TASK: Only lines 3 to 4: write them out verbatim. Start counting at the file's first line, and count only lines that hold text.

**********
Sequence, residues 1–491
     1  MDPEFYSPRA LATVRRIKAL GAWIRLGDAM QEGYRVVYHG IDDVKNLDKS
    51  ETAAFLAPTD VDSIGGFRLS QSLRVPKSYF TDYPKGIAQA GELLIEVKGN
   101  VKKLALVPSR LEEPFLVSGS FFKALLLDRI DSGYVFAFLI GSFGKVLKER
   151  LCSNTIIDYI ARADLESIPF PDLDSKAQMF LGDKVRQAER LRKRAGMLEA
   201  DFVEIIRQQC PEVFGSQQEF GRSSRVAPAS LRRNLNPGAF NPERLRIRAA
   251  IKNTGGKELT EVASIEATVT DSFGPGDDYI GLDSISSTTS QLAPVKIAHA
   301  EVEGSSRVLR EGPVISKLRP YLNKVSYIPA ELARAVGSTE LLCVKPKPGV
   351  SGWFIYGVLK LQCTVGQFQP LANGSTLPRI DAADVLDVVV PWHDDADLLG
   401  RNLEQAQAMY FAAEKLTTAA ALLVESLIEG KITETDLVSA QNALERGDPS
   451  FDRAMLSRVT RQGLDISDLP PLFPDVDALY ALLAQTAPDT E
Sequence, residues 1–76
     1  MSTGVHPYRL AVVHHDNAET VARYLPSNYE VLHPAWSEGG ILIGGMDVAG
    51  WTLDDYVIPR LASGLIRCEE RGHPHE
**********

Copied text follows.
    51  ETAAFLAPTD VDSIGGFRLS QSLRVPKSYF TDYPKGIAQA GELLIEVKGN
   101  VKKLALVPSR LEEPFLVSGS FFKALLLDRI DSGYVFAFLI GSFGKVLKER